by Julie Steenhuysen and Tom Polansek
U.S. health regulators on Thursday cleared the way for a type of genetically engineered salmon to be farmed for human consumption in the first-ever such approval for an animal whose DNA has been scientifically modified.
AquaBounty says its salmon can grow to market size in half the time of conventional salmon, saving time and resources. The fish is essentially Atlantic salmon with a Pacific salmon gene for faster growth and a gene from the eel-like ocean pout that promotes year-round growth.
Activist groups have expressed concerns that genetically modified foods may pose risks to the environment or public health. Several on Thursday that said they would oppose the sale of engineered salmon to the public, while some retailers said they would not carry the fish on store shelves.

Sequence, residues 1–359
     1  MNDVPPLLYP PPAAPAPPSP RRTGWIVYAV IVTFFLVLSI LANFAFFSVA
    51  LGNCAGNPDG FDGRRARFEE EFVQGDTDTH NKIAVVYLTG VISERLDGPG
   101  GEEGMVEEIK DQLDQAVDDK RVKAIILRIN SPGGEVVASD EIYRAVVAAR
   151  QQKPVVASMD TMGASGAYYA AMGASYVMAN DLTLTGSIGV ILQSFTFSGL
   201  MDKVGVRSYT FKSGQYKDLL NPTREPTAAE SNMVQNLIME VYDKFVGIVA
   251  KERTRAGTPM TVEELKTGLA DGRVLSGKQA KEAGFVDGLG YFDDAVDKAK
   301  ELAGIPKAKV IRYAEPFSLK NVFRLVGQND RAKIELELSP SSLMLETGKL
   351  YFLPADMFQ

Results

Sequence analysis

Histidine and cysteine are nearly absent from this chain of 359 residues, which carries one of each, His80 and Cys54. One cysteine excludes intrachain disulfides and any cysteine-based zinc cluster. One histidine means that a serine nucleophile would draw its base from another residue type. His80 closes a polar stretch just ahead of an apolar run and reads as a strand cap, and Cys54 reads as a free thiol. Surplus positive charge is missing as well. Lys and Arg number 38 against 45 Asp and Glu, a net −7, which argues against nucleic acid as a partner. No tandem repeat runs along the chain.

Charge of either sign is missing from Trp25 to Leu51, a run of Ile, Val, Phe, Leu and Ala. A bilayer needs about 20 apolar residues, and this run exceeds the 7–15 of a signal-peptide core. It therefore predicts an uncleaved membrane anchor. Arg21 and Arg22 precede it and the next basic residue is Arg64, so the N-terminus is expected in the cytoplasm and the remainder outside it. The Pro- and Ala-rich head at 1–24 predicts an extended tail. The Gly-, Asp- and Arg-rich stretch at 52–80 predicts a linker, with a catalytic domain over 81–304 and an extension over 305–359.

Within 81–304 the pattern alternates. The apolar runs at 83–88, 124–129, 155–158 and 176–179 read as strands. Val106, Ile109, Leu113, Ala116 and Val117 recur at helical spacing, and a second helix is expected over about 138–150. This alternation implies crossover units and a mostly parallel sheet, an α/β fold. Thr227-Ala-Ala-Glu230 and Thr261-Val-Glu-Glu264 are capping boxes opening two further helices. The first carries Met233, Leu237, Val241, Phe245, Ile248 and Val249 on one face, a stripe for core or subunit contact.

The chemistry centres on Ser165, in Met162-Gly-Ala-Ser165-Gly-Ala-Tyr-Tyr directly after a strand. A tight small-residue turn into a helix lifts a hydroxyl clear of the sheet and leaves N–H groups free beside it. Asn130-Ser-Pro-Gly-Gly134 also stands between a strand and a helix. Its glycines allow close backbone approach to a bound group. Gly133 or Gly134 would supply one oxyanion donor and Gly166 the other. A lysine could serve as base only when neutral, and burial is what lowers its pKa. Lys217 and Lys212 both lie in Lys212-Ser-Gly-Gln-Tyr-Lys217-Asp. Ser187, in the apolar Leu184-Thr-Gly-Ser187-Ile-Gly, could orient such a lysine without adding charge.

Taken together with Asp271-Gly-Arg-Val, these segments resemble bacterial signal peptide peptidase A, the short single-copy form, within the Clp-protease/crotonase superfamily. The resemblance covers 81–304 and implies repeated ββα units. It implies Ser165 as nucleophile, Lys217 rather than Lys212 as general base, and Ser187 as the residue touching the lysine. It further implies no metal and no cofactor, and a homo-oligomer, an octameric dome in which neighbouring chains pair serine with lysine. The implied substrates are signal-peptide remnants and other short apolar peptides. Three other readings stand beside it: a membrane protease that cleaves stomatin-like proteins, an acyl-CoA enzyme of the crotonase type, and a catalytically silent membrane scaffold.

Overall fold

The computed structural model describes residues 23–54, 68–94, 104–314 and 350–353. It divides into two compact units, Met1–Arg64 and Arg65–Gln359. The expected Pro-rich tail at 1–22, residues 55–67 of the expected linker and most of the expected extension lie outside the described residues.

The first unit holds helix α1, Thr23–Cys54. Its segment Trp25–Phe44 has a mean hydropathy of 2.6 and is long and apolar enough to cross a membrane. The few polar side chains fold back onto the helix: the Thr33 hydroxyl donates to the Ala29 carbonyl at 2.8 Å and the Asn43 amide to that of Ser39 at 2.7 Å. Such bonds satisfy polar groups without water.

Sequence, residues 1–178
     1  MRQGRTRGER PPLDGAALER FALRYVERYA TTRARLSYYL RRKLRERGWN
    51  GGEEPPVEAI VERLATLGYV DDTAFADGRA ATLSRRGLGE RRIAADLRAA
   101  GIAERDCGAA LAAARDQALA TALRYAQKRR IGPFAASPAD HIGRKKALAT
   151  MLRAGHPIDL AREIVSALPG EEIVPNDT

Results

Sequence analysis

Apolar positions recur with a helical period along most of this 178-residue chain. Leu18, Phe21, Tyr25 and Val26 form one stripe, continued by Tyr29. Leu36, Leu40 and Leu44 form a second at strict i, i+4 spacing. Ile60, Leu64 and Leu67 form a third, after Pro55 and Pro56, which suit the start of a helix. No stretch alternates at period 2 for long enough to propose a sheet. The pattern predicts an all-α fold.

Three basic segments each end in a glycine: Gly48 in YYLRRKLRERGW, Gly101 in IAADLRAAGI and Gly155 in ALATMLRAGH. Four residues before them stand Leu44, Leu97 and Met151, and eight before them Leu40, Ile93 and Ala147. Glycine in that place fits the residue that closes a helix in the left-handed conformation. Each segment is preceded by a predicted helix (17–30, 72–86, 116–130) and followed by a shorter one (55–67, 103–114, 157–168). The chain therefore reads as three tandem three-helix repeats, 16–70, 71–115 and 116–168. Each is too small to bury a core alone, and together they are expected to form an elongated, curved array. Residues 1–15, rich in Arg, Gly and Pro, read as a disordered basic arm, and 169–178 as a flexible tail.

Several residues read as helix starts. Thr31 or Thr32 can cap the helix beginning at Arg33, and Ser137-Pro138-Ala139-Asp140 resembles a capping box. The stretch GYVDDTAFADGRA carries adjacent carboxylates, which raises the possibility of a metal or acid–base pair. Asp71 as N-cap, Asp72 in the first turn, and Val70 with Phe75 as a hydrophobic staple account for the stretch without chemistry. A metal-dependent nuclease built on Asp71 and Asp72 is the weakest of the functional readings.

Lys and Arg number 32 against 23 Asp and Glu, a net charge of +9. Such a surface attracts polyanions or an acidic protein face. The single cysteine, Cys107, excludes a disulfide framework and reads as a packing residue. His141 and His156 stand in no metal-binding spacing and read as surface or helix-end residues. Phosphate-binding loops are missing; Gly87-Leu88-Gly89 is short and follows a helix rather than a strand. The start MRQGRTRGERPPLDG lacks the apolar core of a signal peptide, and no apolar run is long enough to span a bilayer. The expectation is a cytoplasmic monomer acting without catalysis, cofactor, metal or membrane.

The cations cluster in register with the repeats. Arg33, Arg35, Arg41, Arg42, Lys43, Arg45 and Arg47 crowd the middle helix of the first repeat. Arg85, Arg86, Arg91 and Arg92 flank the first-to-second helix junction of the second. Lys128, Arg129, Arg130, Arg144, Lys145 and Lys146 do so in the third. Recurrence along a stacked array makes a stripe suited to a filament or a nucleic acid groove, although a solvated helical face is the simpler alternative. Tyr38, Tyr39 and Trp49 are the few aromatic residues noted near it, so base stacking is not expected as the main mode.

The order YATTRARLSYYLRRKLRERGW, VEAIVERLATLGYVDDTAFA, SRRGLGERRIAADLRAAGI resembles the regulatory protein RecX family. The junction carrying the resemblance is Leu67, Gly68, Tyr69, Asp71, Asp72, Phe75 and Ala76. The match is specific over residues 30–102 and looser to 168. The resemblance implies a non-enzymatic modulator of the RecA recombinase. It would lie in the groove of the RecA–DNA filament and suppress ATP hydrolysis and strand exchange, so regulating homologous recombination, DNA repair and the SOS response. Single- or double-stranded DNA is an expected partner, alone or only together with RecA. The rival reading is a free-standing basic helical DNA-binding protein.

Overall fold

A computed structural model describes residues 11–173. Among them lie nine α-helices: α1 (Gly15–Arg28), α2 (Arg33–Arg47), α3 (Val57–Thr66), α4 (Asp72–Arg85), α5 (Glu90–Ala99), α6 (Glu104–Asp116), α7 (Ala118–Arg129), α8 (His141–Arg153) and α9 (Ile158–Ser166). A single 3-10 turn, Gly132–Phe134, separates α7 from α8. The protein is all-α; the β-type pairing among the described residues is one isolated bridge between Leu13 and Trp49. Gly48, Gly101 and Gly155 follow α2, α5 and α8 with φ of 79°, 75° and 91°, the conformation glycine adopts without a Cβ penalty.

Kroger Co, the nation’s largest traditional grocery chain, has “no intention of sourcing or selling genetically engineered salmon,” spokesman Keith Dailey said. Trader Joe's and Whole Foods Market Inc also confirmed that they do not intend to carry the product.
Target Corp eliminated farm-raised salmon in favor of wild-caught salmon in 2010, which spokeswoman Molly Snyder said was the first step in a long-term commitment to improving the sustainability of our seafood assortment. “We are not currently planning to offer genetically engineered salmon,” Snyder said.
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